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The Tell: Traditional 60/40 strategy may start to work again for investors, but ‘tightening cycles can be scary,’ Goldman exec says


The traditional allocation of 60% stocks and 40% bonds may start to work again, after such portfolios were badly hurt this year, according to Ashish Shah, chief investment officer of public investments at Goldman Sachs Group’s asset management business. 

Both equities and fixed income have been punished in 2022 amid fears over the Federal Reserve hiking interest rates to tame the highest inflation in decades. 

“Tightening cycles can be scary,” Shah said during a media briefing Monday afternoon on Goldman Sachs Asset Management’s investment outlook for 2023.

But “bonds are back,” with higher yields and spreads making them more attractive after the Fed’s rate hikes this year, he said. Investors can get high, single-digit yields from asset classes like high yield bonds and emerging-markets debt, he said, but “more importantly” they can get 4.5% to 5% in shorter-term, “really safe debt” whether it’s agency mortgages or U.S. Treasury bonds.

While the Fed was “slow to respond to the inflation early on,” the central bank eventually  pivoted this year with “one of the most aggressive periods of tightening that we’ve seen in history,” Shah said. The Fed raised its benchmark rate from zero to around 4% in a “very short” period of time this year, he said, while the accompanying tightening of financial conditions has been prompting concerns that a U.S. recession may be coming. 

Meanwhile, interest income from bonds can position investors to re-invest in whatever assets may be cheaper, whether its stocks or bonds, according to Shah.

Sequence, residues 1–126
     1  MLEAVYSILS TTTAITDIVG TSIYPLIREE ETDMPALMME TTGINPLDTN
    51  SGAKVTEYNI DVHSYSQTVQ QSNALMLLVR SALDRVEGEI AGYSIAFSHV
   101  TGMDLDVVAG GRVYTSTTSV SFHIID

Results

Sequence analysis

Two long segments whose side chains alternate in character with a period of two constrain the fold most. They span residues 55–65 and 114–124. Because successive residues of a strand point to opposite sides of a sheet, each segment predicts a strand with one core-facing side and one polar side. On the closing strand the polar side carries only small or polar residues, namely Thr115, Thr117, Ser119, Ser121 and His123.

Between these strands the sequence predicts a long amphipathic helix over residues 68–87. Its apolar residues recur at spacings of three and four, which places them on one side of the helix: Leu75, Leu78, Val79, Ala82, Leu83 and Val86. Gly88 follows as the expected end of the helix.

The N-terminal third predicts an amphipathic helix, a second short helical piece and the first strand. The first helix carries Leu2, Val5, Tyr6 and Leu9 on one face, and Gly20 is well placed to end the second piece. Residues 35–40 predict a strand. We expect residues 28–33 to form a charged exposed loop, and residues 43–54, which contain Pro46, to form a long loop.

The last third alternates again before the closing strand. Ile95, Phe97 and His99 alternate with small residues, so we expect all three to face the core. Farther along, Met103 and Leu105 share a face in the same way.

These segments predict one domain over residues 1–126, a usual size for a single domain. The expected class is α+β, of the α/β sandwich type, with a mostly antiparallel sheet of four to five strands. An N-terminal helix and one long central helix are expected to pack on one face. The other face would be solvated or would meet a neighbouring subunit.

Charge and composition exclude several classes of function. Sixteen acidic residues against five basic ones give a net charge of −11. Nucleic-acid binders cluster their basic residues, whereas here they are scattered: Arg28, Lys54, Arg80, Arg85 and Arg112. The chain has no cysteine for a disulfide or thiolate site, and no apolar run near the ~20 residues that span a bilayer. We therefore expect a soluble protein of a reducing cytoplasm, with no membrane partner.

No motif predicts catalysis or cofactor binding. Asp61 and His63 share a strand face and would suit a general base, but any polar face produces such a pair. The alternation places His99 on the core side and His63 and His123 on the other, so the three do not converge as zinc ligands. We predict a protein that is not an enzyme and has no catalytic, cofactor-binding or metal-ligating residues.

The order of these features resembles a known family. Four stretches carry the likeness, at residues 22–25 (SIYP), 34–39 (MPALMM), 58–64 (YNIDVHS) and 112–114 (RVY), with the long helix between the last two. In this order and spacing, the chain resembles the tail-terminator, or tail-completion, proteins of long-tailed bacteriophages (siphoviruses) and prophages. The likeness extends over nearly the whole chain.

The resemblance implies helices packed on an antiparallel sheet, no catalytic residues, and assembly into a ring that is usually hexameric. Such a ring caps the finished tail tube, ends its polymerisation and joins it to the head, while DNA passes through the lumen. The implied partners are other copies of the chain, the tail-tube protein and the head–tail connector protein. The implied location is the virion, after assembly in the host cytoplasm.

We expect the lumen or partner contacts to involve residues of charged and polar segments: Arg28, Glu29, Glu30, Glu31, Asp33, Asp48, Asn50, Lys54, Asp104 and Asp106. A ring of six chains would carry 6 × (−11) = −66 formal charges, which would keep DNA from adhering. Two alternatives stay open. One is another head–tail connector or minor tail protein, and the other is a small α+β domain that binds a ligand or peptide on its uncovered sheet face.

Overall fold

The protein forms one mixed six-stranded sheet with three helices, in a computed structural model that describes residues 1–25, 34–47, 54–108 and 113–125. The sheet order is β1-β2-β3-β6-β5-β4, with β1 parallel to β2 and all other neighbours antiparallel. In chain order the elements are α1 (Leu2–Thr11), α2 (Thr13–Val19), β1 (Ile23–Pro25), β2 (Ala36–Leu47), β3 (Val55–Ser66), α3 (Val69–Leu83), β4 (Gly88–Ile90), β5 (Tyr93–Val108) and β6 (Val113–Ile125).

That’s the “buffeting power” of the 60/40 portfolio, he said, even if it doesn’t return to the past “goldilocks” regime in which the Fed was accommodating markets through quantitative easing. 

While the Fed’s tightening of monetary policy is going to lead to an economic slowdown, a recession is still up for debate, in his view.

Massive fiscal and monetary stimulus during the COVID-19 pandemic helped individuals, companies and markets get through the pandemic, but the replenished balance sheets also have made it “a lot tougher for the Fed to slow things down,” Shah said. 

Meanwhile, the potential for the Fed to slow its monetary tightening with smaller rate increases amid signs of cooling inflation is creating a “macro squeeze,” according to Shah. “A lot of positioning is getting challenged,” he said, explaining that many trades that have worked so far in 2022 are now going to stop working over a shorter time period.

Trends this year such as higher interest rates, a stronger dollar, and lower prices for risk assets have made it “very easy” for momentum strategies to play out well, according to Shah. But markets are now facing a stretch where the Fed may begin to slow its pace of rate hikes, so those trends won’t be as  “apparent and easy to trade,” he cautioned. 

“You will get overshoots” on individual stocks and at the “aggregate level” of the equities markets, he said. Shah anticipates markets are going to be in a period with “a chop back and forth,” cautioning that whether it’s stock or bonds, investors shouldn’t assume that the start of a positive trend is going to extend itself.

The yield on the 10-year Treasury note

has jumped this year, trading around 3.8% Tuesday morning, FactSet data show, at last check. That compares with about 1.5% at the end of last year, according to Dow Jones Market Data. Two-year Treasury yields

have also soared in 2022, trading around 4.35% Tuesday morning.

Signs of easing inflation in October, based on last week’s consumer price index report, resulted in a drop in Treasury yields. Investors began pricing in a higher probability of the Federal Reserve reducing the size of its next interest rate hike in December to 50 basis points.

On Tuesday morning, a reading from the producer price index, which is a gauge of wholesale inflation in the U.S., was also softer than anticipated.

See: Wholesale prices rise slowly again in October and point to softening U.S. inflation

The U.S. stock market remains in a bear market this year, with the S&P 500 index

down around 17% through Monday. The blue-chip index Dow Jones Industrial Average

was off 7.7% over the same period, while the technology-heavy Nasdaq Composite tumbled 28.4%.

U.S. stock index futures rose Tuesday morning on the back of the producer-price-index data. All three major indexes opened higher, with the Dow trading up 0.9% around midmorning, while the S&P 500 rose 1.6% and the Nasdaq jumped 2.4%, FactSet data show, at last check.

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